15 social influences when they are exposed to less severe threats, and mirrors the medical practice of exposing a patient to a reduced concentration of a disease to build up antibodies to counter that disease. Moreover, an extension of McGuire s inoculation theory has been effective against illegitimate persuasion in an experimental setting (Sagarin et al., 2002) which showed that dispelling any illusions of invulnerability that an individual has is necessary to increasing an individual s resistance. 1.5 Academic Challenges of Studying Social Engineering While trade literature on social engineering is plentiful, the topic is a difficult problem to tackle in an academic setting. Techniques of social engineering are observed only after an attack has been attempted and detected, which often makes it difficult to consult the perpetrator on his cognitive processes leading up to the attack. There is also the problem that successful attacks may never be detected, and therefore the technique for such an attack might never be revealed. This is why material from reformed former practitioners of social engineering, such as Kevin Mitnick, is so valuable. Research can also run into ethical issues, as human subject testing review boards tend to frown on experiments that, as a fundamental part of the experiment, seek to deceive the participants as to the true nature of the study. Also, any research of a phenomenon requires an effective measurement tool, and while one has been proposed for social engineering (Nohlberg, 2005), it is problematic in that it requires the users to be deceived as to the true nature of the study, and that it has yet to be validated through repeated experiments. That problem may not be able to be easily overcome, as deception is central to the success of social engineering, and it is the individual s susceptibility to deception that a researcher would be trying to obtain. Without an effective measurement instrument, it becomes quite difficult for researchers to determine whether a proposed defensive mechanism is effective, because there is no means to compare the before 5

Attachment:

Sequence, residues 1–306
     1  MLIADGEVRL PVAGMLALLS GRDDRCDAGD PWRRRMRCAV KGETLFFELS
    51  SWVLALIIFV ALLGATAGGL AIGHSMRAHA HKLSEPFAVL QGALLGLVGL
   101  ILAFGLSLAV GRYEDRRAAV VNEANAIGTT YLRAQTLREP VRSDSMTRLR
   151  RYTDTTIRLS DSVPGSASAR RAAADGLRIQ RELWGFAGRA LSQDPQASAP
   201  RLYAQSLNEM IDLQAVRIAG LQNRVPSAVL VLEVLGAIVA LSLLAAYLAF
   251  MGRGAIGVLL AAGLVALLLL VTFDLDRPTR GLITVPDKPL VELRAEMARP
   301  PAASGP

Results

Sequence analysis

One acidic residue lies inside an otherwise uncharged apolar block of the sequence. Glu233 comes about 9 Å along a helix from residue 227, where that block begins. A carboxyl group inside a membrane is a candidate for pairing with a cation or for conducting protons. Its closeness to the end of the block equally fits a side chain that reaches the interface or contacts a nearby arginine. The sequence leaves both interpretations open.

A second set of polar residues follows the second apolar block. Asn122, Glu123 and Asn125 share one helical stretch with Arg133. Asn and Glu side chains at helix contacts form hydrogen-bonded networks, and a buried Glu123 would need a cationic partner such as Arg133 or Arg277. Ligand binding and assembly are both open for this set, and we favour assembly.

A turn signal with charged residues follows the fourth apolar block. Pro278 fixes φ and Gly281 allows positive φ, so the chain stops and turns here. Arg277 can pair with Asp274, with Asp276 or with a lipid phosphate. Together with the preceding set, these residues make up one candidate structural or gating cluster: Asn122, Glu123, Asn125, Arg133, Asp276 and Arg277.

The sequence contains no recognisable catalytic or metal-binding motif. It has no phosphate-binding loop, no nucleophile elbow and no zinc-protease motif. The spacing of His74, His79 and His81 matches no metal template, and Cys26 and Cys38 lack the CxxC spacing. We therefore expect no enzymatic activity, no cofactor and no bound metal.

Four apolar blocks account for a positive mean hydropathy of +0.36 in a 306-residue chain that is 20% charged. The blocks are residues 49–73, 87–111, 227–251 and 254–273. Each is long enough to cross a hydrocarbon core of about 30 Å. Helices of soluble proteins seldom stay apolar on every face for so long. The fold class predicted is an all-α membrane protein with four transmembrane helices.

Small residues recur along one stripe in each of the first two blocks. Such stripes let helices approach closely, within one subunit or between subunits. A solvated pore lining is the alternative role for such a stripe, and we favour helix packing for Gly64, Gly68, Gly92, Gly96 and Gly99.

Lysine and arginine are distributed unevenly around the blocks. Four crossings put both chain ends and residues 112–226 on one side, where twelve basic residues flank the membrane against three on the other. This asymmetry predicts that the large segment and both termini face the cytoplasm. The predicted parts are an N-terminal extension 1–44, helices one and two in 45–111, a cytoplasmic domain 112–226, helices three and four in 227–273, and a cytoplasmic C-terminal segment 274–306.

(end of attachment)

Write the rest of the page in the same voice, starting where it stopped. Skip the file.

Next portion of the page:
16 and after. The cumulative effect of all these challenges combined has left the academic literature on social engineering a relatively barren landscape. 1.6 Purpose Statement Given the relative dearth of research in social engineering when compared to the research on persuasion, research that defines the relationship between social engineering and illegitimate persuasion might allow techniques described by researchers on how to bolster an individual s resistance to illegitimate persuasion to be applied towards increasing an individual s resistance to social engineering. The first purpose of this paper is to establish a link between social engineering and illegitimate persuasion. If this link can be established, it stands to reason that techniques demonstrated in social psychology to be effective against illegitimate persuasion can be incorporated into a training program that can be expected to increase an individual s resistance to social engineering. If the link is shown to be weak or non-existent, then another approach to developing a program to reduce the organization s vulnerability to social engineering attacks will need to be developed. 1.7 Thesis Organization This paper is organized as follows: Chapter two reviews a variety of relevant research that has been done on social engineering, persuasion and resistance to persuasion. Chapter three details the comparison that was made between social engineering and illegitimate persuasion. Chapter four outlines how techniques designed to reduce an individual s vulnerability to a social engineering attempt can be applied from research on persuasion. Chapter five discusses areas for follow up study as well as potential other areas of application for this research. 6